constructed with bond financing. All but one were private. The
commission continued to finance and oversee this process until
its demise.
Corruption scandals beginning in 1999 eventually put an end
to the Corrections Privatization Commission. Two prominent
scandals arose due to a lack of oversight and a fragmentation
among decision makers. The first scandal was in 2002, when the
commission head resigned “amid a state ethics probe in which
he ultimately was fined $10,000. That investigation concluded
he was profiting from business relationships with prison contractors outside his role as privatization director.”21 Then in 2006,
a former commission head “pleaded guilty to embezzling more
than $200,000 from a maintenance fund set up for privately run
institutions. He was sentenced to 33 months in federal prison.”22
With the demise of the Corrections Privatization Commission
in May 2004, the job of overseeing private prison contracts was
taken up by the newly created Bureau of Private Prison Monitoring, housed in the Department of Management Services (DMS).
The job of issuing COP’s and serving as the lessor lies within
the Florida Correctional Finance Corporation, which was created
by the original Privatization Commission and is housed under the
Division of Bond Finance of the State Board of Administration.
Initially, this entity did not have an oversight role. However, once
the commission was dissolved, the Division of Bond Finance
continued its original role but also stepped in to oversee one
aspect of this fragmented system.
Between FY2006-07 and FY2009-10, the Florida Legislature appropriated a total of $716,956,421 to the Department
of Corrections for construction and expansion expenses. This
figure includes both “pay-as-you-go” appropriations for prison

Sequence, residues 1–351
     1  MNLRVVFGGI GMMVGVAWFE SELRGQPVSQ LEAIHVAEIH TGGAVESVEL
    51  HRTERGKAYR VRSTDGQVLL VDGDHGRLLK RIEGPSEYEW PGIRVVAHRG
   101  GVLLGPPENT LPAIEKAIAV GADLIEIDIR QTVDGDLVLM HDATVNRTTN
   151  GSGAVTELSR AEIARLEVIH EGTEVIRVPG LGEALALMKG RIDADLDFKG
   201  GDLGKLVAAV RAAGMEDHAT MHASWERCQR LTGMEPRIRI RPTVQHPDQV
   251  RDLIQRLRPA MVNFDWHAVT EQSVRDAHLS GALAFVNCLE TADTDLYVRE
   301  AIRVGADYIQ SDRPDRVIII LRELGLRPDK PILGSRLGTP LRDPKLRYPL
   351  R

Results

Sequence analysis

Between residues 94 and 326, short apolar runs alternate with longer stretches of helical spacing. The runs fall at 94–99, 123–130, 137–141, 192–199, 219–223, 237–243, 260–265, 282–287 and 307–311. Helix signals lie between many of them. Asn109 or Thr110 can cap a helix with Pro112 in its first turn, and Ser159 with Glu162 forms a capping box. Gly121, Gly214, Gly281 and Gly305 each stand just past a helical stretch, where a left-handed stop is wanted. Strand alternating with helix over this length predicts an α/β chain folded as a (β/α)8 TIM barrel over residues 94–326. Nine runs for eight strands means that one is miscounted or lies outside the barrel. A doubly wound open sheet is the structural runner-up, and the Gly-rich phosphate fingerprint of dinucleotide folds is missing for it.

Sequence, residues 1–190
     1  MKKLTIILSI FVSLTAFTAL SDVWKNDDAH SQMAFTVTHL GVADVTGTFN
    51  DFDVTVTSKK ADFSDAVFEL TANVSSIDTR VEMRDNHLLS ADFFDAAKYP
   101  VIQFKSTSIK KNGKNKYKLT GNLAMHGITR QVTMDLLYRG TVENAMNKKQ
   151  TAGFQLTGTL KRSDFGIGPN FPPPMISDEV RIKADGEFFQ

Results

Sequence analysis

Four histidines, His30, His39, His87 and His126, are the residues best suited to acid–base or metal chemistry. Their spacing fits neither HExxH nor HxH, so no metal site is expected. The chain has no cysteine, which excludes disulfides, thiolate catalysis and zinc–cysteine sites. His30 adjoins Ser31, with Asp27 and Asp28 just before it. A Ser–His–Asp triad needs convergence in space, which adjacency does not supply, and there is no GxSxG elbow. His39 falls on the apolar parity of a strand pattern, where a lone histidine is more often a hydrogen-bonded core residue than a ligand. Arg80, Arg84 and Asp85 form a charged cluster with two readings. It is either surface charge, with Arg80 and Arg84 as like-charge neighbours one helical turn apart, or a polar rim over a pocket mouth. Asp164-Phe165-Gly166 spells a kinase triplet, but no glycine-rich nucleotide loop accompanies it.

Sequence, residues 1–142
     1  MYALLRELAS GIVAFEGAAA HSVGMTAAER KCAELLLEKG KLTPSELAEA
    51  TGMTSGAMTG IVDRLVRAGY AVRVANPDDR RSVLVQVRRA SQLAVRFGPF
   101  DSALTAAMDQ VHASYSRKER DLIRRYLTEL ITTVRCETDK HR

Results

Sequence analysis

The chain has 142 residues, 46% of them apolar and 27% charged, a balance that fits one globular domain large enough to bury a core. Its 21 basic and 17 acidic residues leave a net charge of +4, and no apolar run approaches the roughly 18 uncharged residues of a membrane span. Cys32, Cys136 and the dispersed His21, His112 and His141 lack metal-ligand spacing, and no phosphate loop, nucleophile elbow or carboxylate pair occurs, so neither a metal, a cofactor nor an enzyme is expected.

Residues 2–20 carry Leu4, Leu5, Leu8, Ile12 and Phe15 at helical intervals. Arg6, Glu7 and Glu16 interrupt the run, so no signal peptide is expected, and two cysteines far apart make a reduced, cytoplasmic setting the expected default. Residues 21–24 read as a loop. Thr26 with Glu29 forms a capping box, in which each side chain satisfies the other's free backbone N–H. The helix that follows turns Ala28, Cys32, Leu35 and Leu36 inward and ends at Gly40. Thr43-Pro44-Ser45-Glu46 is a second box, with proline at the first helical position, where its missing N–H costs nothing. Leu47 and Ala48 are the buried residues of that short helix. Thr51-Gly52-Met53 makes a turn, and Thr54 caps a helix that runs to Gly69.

construction costs and rental costs, but does not include the debtservice (or interest payment) obligations on past prison construction borrowing. If debt-service obligations are included, the total
figure reaches nearly $1.5 billion. Today, $1 billion is still owed
on outstanding bonds and corresponding debt service payments.24

Prison Construction Bonding
As the figure below shows, Florida taxpayers spent more than
$100 million on prison construction or expansion each year since

Construction Costs for Pubflc and PrlwIe
Correctional Facilities In Florida (FY lOO6/07- FY


Source: Florida Department of Corrections (August 2010).


2006 and 2010, bonding of prison construction and
expansion in Florida comprised of an unprecedented 43 percent
of the total funding for prison construction and expansion.26
In 2009, the Division of Bond Finance combined all existing COP’s (and all new COP’s) into a Master Lease Purchase
Agreement (already being used by school districts financing
with COP’s), which introduced more transparency into the total
amount of debt incurred and the payment responsibilities of the
state. It also added COP debt to the annual Debt Affordability
Report because, even if technically COP debt is not debt, in all
practical respects it must be treated as such. If the state defaulted
on making the lease payments, its credit rating would suffer, and
future debt would be incurred at higher rates.
Under the Master Lease Purchase Agreement, authorized by
Chapters 944, 287 and 255, Florida Statutes, Department of Management Service leases facilities from the Florida Correctional
Finance Corporation. COP’s are issued and the rent payments
made by the Department of Management Service and the Department of Corrections are equal to the principal and interest on the
bond. The rent payments for these facilities are subject to annual
appropriation by the Florida Legislature. Under a Master Lease
structure, which cross-collaterizes all of the projects, the Legislature is required to appropriate “all or nothing” for annual rent
Prior to FY 2009-10, there have been a total of six series of
COP’s issued and $350.6 million in principal was outstanding,